We didn’t want to make a traditional sequel where you revisit the narrative in two-three years when everything is different and you tell another random story. The three films take place within five days and it really digs deep into what drives the killers, their motive and who they are and what happens, emotionally and physically, to a victim of such senseless violence. 

I got very strong I Spit On Your Grave and Straw Dogs vibes from the film, was that intentional? 

Yes. Straw Dogs, especially the original, is a great film and one of my favourites. Deliverance is another example of a film about the divide between city and country. They’re films that have influenced me. 

It was important to me that you can relate to the characters. Here, you’ve got a couple driving across America and it could be anyone, anywhere. You’re going somewhere, you take a detour and stop for some food or gas in a small village which you can find in America, Finland, anywhere. It seems normal but on closer look, there’s something off about the people and you start wondering if they’re staring at you for a little too long. You’re a bit like a fish out of water. 

It was also important that we didn’t take it too far and make the place seem like an asylum of sorts. It needs to feel realistic, even if you feel like an outsider there. 

All three films were announced at the same time. How do you create tension when your audience already might have an idea of what will happen at the end, with sequels announced? 

That’s a good point. I’m sure the audience knows that she will survive [Chapter 1] but we put her through such a wringer so that the question becomes, how does she survive and what happens to her. 

After you see what she goes through in the next two films, it’s pretty unimaginable what Maya experiences, both mentally and physically. I guarantee that the audience doesn’t have a clue what happens to her in the next two instalments. 

the strangers chapter 1 maya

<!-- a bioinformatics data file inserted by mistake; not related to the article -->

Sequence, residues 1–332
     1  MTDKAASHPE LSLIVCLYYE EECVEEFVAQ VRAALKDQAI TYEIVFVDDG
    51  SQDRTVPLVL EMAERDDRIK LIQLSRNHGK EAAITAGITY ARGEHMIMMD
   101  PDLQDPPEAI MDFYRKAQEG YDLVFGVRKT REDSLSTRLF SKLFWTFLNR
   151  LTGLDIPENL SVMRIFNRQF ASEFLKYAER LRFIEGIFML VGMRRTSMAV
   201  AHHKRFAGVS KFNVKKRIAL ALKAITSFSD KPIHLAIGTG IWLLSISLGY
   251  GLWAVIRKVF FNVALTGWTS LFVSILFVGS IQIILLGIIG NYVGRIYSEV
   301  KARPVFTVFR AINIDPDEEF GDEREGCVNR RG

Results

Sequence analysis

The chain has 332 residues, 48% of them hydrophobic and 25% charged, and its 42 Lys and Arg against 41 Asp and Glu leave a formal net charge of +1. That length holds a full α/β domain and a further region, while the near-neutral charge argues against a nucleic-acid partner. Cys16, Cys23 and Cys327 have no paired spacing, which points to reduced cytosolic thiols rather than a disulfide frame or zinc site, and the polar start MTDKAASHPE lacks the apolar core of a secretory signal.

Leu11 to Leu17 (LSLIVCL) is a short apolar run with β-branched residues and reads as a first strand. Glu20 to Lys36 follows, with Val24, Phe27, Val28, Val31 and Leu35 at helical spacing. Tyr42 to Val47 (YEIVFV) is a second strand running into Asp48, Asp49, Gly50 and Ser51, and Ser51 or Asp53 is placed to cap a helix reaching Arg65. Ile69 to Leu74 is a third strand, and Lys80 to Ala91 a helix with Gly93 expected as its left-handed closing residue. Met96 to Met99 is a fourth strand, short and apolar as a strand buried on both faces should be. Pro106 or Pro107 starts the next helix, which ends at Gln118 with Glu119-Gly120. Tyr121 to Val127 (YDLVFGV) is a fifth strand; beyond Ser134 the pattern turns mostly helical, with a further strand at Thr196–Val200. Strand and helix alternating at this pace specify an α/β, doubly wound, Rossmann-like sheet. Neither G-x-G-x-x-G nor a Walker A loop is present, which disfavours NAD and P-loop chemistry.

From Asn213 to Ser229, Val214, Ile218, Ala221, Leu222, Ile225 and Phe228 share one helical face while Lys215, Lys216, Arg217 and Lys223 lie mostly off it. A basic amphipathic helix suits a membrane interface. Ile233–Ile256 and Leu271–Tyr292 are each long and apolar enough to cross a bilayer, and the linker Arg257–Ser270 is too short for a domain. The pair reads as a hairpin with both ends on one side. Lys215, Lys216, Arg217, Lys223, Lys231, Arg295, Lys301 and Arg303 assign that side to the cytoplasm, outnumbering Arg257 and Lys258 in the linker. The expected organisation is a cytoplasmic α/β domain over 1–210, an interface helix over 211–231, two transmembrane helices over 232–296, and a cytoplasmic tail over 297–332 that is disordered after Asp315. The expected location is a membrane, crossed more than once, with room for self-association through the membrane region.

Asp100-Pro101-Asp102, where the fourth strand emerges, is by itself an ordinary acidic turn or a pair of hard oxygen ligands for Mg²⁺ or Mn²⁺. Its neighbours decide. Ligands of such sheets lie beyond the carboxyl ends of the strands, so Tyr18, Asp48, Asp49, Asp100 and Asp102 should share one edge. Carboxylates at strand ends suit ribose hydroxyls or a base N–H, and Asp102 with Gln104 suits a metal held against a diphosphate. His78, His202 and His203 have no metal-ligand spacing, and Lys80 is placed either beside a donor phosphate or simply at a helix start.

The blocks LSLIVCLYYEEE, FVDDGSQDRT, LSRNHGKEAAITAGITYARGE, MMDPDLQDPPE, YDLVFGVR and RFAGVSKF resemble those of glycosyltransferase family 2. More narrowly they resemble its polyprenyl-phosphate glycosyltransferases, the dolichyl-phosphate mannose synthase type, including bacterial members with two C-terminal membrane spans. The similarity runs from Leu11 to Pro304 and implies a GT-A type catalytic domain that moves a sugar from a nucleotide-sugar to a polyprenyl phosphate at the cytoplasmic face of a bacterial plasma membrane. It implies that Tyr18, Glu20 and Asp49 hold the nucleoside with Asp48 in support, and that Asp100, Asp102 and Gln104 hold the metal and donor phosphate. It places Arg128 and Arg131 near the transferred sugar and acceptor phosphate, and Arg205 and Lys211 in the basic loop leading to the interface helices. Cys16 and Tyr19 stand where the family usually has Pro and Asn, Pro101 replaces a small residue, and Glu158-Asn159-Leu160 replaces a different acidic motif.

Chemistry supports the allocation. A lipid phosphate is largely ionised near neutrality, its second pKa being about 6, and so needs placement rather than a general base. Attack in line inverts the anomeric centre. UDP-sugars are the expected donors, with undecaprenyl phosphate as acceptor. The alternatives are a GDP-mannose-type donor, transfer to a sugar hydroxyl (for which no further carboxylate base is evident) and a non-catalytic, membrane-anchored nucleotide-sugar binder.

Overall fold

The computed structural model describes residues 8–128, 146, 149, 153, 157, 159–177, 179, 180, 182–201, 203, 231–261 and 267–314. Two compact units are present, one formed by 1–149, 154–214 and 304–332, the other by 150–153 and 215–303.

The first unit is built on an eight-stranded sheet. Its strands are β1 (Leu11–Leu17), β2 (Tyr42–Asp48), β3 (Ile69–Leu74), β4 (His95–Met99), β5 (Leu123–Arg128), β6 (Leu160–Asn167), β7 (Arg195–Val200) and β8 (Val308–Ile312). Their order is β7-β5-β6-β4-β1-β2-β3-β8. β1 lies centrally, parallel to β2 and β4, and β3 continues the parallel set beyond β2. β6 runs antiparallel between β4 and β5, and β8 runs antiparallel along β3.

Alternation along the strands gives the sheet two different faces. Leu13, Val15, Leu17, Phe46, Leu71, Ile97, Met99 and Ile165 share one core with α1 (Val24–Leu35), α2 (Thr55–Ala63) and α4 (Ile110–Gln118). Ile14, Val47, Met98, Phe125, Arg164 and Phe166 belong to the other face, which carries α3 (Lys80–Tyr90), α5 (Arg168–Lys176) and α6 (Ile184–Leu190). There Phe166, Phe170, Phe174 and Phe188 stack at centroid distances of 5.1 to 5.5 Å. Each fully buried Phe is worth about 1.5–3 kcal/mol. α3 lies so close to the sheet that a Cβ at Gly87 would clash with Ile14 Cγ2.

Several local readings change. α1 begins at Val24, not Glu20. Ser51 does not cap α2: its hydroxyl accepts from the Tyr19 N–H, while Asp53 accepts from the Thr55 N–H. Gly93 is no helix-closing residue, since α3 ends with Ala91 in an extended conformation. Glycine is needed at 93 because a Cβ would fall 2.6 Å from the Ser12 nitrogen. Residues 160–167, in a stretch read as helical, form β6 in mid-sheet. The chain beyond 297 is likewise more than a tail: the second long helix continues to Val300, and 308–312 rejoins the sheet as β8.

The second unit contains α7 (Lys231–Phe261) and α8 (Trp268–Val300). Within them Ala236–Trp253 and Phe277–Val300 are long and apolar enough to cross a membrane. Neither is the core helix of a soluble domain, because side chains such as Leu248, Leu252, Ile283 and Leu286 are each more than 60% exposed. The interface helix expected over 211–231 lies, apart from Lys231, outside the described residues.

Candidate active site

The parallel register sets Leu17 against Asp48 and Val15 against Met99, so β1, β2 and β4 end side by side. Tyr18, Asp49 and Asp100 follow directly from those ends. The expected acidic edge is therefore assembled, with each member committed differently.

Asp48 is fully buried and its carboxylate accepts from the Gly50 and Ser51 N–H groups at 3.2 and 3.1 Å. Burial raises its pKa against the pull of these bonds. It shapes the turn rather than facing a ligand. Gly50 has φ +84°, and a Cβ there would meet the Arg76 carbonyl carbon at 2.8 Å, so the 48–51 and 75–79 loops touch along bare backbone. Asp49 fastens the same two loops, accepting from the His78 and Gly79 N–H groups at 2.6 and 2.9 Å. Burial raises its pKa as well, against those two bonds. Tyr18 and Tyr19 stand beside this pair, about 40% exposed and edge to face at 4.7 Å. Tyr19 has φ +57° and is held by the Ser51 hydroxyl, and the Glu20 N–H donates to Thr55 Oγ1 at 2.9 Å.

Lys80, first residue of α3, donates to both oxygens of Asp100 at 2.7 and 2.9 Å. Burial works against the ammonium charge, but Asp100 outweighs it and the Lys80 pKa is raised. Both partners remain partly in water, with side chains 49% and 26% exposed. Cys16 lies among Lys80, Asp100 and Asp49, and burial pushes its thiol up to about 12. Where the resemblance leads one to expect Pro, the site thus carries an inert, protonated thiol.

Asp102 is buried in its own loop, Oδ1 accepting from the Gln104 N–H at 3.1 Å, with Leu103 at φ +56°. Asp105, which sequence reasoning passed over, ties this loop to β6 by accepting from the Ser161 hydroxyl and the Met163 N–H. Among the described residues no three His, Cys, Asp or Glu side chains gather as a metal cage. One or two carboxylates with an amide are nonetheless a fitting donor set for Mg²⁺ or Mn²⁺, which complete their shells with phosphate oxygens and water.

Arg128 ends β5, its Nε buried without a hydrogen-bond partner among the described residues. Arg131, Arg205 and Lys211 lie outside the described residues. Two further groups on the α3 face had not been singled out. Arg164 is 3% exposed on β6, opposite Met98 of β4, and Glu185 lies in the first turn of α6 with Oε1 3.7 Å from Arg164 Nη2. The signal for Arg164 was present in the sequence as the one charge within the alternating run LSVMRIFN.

Credit: Lionsgate

Horror is a difficult genre to master. In the last decade, we’ve seen a lot of “elevated horror”. Your film is an old-school, cabin in the woods style slasher. What’s your take on these modern, elevated horror films?

There’s so many sub-genres in horror. There’s strange little kids, toys, dolls and films like M3GAN… There’s so many new avenues that filmmakers are turning to. A regular consumer doesn’t even necessarily realise just how many horror films are being developed and how few actually make it through to the big screen. 

Elevated horror is a bit of a double-edged sword. I don’t always understand it. I respect it when filmmakers want to make art or a horror film that’s also an art film. Some of these films are so on the edge… If you nudged them a little bit, they’d become a SNL sketch of a horror film, like the way they’re shot and how people behave. 

They’re making weird stuff for the sake of weirdness, making a film about a sheep or whatever. I’m not much a fan of the ones that are a bit too weird. People take them very seriously, like “This is art.” No, it’s just a bad film. 

That being said, we need to try new things and it’s great that we’re getting new blood in every genre, we can’t keep repeating the same things over and over again. [The Strangers: Chapter 1] is, like you said, a return to 80s-style, basic horror. There’s nothing supernatural about it, this is real life and sometimes really scary, horrible things happen in life that could happen to anyone.

The original is so beloved by a lot of people. What kind of a reception are you expecting for your film? 

It’s excitement mixed with fear. When it’s such a beloved film with a classic status, whatever you do, you won’t satisfy the hardcore fans. I’m expecting criticism, but a lot of the audience will also be people who haven’t seen the original film. 

I’m still hoping that I can give to the original fans what I would expect from a film like this. I have expectations as a fan myself and I’m hoping that the fans get something out of this and they won’t be disappointed. They’re the first thing on my mind, but I also want to give new audiences something fresh and I want to make sure the film works for them too, that’s really important. 

I’ve put my heart and soul into this, I’m really serious about it. Everything has been planned, the colour schemes, every costume, every angle, the lighting, how it’s edited, the music, sound effects… We’ve strived for realism but because this is a film, it’s heightened, stylised realism. I didn’t want to copy the original’s camera style which is a bit like a shaky cam, I wanted to give this film its own cinematic style. Everything is planned according to our highest artistic goals and dreams. If it comes across to the audience, that’s amazing and I hope people will find this and like it. 

The Strangers: Chapter 1 is in cinemas 17th May.